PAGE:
ANCHORAGE -- The mushers were relaxed. The dogs were raring to go.
So began the 30th Iditarod Trail Sled Dog Race.
Saturday's ceremonial opening in downtown Anchorage was staged mainly for spectators and sponsors. The 64 teams set off into the wilderness for real at today's race re-start in Wasilla, 45 miles to the north.
The barks and howls of the dogs echoed through the streets as they pulled at their harnesses.
"My dogs are like kids cooped up waiting for Christmas," said Sonny King, a veterinarian from Spartanburg, S.C., running his sixth Iditarod.
"This is a fun morning," King said. "A woman dropped off breakfast for us."
Charlie Boulding of Manley drew the top starting position and was the first musher to leave the chute for the 20-mile run to Eagle River. Boulding, a perennial top-20 finisher, is running his 10th Iditarod.
Defending champion Doug Swingley of Lincoln, Mont., wearing bib No. 8, was seeking an unprecedented fourth consecutive victory. It also would give him his fifth overall win, tying him with Rick Swenson of Two Rivers for the most in Iditarod history.
The mushers will be seeking their share of the $550,000 purse, with the first to reach Nome -- 1,100 miles away -- collecting $62,857 and a new pickup truck.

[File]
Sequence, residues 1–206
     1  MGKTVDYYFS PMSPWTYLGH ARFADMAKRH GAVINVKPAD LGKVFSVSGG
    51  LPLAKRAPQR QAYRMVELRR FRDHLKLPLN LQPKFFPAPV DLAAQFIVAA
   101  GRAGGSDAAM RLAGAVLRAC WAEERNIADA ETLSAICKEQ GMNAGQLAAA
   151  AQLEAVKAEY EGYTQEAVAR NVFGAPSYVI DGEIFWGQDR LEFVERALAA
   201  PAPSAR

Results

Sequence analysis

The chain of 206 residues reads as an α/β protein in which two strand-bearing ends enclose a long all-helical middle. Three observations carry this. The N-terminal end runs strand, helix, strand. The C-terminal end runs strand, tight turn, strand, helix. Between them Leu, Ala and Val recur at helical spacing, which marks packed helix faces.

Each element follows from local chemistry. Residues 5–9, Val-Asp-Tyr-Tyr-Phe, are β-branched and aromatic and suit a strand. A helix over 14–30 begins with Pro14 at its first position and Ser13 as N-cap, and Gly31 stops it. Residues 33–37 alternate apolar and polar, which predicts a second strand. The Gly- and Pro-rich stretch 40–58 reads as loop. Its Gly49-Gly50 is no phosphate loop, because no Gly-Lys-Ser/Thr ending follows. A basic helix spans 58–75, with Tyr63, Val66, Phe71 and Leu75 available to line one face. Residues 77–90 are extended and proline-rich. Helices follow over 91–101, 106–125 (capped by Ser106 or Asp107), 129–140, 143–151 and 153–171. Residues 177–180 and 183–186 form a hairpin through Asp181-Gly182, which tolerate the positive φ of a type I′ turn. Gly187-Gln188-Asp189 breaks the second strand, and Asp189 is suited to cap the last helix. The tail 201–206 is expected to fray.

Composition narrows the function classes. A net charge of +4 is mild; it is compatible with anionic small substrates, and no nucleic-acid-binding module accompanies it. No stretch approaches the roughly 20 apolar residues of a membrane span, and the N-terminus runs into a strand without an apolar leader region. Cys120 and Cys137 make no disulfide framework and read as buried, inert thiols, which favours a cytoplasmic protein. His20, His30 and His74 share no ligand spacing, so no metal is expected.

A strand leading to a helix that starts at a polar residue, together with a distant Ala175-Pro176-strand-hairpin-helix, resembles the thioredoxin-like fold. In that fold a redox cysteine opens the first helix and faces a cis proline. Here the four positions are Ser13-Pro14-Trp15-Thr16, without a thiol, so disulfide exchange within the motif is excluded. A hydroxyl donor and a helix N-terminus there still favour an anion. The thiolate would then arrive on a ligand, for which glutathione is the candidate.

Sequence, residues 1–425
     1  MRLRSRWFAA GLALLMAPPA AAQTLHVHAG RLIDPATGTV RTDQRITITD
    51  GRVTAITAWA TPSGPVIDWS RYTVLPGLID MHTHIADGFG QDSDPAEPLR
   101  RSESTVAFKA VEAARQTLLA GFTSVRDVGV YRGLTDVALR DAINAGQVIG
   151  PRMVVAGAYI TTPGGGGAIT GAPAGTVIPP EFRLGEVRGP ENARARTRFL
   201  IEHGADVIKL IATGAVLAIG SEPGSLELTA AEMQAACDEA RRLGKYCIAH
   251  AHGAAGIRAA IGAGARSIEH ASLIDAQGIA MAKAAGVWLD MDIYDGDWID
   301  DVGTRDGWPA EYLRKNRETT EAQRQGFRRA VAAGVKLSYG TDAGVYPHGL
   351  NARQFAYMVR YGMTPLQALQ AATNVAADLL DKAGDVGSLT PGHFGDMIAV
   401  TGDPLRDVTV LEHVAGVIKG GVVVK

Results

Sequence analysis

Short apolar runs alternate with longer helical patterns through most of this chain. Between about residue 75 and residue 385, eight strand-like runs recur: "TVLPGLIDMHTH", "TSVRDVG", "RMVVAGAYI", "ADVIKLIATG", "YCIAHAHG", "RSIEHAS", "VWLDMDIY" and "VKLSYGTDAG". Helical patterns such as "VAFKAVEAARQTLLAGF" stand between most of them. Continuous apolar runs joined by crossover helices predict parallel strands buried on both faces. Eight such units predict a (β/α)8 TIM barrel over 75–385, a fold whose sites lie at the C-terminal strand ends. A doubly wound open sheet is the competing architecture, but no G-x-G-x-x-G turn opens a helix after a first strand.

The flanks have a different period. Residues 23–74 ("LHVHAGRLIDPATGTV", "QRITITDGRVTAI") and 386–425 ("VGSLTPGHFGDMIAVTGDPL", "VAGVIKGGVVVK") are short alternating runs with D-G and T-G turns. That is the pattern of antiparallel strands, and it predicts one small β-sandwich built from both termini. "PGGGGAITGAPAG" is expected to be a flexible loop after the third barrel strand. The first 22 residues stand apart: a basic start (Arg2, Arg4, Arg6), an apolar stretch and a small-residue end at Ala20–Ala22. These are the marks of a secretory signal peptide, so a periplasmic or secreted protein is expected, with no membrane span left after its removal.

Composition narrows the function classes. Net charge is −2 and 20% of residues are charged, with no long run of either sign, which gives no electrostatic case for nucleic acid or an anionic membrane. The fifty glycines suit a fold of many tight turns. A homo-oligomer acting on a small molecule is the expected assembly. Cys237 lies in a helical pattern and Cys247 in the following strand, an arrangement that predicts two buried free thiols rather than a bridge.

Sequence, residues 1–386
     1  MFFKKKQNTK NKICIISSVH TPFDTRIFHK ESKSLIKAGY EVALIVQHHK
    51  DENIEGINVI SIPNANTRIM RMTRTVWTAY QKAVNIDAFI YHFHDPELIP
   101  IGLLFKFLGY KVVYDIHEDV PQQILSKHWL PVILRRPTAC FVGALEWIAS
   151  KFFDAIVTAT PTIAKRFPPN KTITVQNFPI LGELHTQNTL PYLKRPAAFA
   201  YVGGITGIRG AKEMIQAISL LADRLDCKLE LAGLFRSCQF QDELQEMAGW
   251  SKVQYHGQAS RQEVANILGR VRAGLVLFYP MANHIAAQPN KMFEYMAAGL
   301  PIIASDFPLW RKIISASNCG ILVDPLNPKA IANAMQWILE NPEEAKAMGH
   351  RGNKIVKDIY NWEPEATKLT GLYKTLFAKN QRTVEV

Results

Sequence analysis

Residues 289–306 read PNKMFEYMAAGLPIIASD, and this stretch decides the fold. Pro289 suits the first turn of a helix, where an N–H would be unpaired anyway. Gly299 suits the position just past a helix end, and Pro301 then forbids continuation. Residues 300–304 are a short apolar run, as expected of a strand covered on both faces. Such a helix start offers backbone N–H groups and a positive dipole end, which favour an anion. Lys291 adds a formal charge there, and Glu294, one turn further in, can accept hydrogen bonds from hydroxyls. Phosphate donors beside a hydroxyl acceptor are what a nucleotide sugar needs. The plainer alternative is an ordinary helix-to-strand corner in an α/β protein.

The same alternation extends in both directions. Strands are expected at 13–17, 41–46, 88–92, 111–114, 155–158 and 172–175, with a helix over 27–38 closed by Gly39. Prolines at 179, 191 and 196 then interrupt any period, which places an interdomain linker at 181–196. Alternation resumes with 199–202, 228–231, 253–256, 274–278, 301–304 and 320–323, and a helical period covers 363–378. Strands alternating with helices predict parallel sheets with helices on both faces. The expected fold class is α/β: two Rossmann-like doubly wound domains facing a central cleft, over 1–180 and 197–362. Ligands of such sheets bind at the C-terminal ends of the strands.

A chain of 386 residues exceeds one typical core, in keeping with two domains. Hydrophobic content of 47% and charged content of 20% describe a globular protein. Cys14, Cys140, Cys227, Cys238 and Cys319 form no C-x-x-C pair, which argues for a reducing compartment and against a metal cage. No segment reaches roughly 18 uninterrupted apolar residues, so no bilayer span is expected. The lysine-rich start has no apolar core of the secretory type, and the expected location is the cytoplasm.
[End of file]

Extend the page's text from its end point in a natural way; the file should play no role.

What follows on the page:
The ceremonial start had the atmosphere of a block party, with vendors selling reindeer sausages and coffee. As fans milled about taking photographs, the mushers gave autographs to children bundled up against temperatures in the high 20s.
The biggest crowd was gathered around DeeDee Jonrowe of Willow. Jonrowe, running her 20th Iditarod, is a perennial top-10 finisher and a fan favorite.
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Posing for pictures, she accepted a good-luck charm from a little girl, answered questions from a TV crew and signed photographs for a fourth-grade class in Illinois and a second-grade class in North Carolina.
"I do enjoy this," Jonrowe said. "Without fans where would the race be? We really love our lifestyle and we owe it to the fans."
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